UNEP Bringing Solar Power Into India's Rural Mainstream
For many people living in rural areas in India, clean or renewable energy is something seen as unaffordable and out-of-reach in practical terms — but for the last few years, a project piloted by the United Nations Environment Programme (UNEP) is attempting to change that perception by bringing solar power into the rural mainstream in India through micro-financing. The project has already reached approximately 100,000 people in the state of Karnataka — saving money in the long-term and transforming the quality of life for many — even if it is just to provide a few extra hours of uninterrupted lighting at night.
Consistent and affordable access to clean energy sources is a big issue in India, especially in rural areas. Local electricity grids are often unreliable, overstressed and at the mercy of sometimes extreme weather conditions (think monsoons, landslides and the like), leading to prolonged power outages (sometimes on a daily basis) or scheduled power cuts to ease the infrastructural burden (sometimes also daily). In total, only an estimated 45 percent of the Indian population is connected to the power grid — leaving the rest of the population on their own and in the dark, energy-wise.To meet their energy needs, India's poor have turned to so-called "dirty" sources of energy — whether it's kerosene or the household stove — all great contributors to carbon emissions. Many walk long distances to buy kerosene, which is relatively costly.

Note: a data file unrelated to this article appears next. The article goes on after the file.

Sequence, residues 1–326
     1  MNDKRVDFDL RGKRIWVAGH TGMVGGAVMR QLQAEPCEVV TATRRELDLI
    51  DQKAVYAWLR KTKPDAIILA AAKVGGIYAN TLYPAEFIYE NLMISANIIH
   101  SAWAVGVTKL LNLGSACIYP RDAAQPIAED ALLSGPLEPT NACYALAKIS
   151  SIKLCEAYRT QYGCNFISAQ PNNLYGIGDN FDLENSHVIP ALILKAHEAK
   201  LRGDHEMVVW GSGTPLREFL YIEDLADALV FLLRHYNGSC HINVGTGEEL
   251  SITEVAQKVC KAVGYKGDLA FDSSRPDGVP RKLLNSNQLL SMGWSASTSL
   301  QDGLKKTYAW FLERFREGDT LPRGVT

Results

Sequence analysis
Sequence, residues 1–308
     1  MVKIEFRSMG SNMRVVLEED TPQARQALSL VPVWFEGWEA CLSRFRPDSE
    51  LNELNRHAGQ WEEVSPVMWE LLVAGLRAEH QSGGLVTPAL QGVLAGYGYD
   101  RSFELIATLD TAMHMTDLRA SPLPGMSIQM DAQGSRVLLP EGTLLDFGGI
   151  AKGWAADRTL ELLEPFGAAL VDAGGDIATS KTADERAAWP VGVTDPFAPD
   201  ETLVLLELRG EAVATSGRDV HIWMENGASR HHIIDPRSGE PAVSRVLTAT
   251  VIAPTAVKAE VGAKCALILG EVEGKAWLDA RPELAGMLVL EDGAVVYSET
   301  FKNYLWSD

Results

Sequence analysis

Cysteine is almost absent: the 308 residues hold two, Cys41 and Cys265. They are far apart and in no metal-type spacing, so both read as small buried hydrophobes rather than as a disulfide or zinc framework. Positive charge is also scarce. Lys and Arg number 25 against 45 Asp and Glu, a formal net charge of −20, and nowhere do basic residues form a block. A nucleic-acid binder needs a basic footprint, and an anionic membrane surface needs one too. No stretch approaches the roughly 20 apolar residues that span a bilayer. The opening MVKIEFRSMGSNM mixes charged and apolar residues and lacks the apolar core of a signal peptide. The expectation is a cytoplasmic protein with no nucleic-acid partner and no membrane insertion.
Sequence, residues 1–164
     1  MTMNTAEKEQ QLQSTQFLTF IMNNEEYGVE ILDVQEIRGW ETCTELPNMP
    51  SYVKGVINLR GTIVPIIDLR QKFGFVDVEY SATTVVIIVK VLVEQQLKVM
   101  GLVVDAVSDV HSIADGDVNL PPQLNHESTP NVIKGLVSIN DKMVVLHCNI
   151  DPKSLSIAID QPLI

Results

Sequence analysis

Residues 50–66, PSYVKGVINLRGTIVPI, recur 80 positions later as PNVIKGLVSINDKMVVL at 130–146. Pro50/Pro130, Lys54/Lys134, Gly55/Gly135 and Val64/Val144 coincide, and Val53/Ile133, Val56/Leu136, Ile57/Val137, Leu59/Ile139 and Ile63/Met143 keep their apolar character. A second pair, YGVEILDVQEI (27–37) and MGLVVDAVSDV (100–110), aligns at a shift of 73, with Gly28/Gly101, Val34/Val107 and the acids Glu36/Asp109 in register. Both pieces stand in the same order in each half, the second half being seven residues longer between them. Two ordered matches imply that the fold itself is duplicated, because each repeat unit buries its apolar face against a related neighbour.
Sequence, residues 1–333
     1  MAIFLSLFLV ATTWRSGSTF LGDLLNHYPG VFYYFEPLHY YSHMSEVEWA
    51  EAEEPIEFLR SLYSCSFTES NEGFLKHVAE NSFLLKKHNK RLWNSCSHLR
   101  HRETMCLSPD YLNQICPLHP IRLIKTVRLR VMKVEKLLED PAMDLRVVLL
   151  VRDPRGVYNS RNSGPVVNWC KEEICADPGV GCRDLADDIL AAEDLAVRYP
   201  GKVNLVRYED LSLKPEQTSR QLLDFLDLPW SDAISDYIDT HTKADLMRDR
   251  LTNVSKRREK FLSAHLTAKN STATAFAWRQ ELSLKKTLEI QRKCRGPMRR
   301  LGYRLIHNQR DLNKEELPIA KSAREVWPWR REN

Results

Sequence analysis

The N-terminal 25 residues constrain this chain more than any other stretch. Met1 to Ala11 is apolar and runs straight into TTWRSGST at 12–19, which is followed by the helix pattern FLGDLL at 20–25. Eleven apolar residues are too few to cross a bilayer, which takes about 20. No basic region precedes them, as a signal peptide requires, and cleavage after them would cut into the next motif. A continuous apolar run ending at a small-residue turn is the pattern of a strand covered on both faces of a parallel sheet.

The UNEP estimates that a single wick of kerosene for indoor lighting can burn up to 80 litres (21 gallons) of fuel, emitting more than 250 kilograms (551 pounds) of carbon dioxide per year. Not to mention the fact that in developing countries, 64 percent of deaths and 81 percent of lifelong disabilities in children younger than five years is directly attributed to the use of these inefficient and "dirty" fuels.
It is no surprise then, that the UNEP's $1.5 million Solar Home Project to distribute solar photovoltaic (PV) kits is such a success. Currently, the greatest obstacle to solar power from getting a foothold in this market has been mostly due to a lack of financing for clean energy in rural communities. However, by initially teaming up with two large Indian banks, the kits were made affordable through low-interest loans of $300-500, to be repaid over five years. In addition to the loans, the banks organized a vendor qualification process that resulted in five solar vendors offering their services competitively and giving customers more flexibility to choose.
"Lack of access to affordable energy produces one of poverty's most powerful grips," says Eric Usher, director of UNEP's Renewable Energy and Finance Unit. "This project empowers people to invest and helps free them from reliance on government interventions."
The project's success has led to similar, sister initiatives springing up Algeria, China, Egypt, Ghana, Indonesia, and Mexico, with hopes that this model will continue to empower impoverished communities and bring the idea and use of renewable energy into the mainstream.
::United Nations Environment Program
Via::World Watch Institute
Image from: NOAA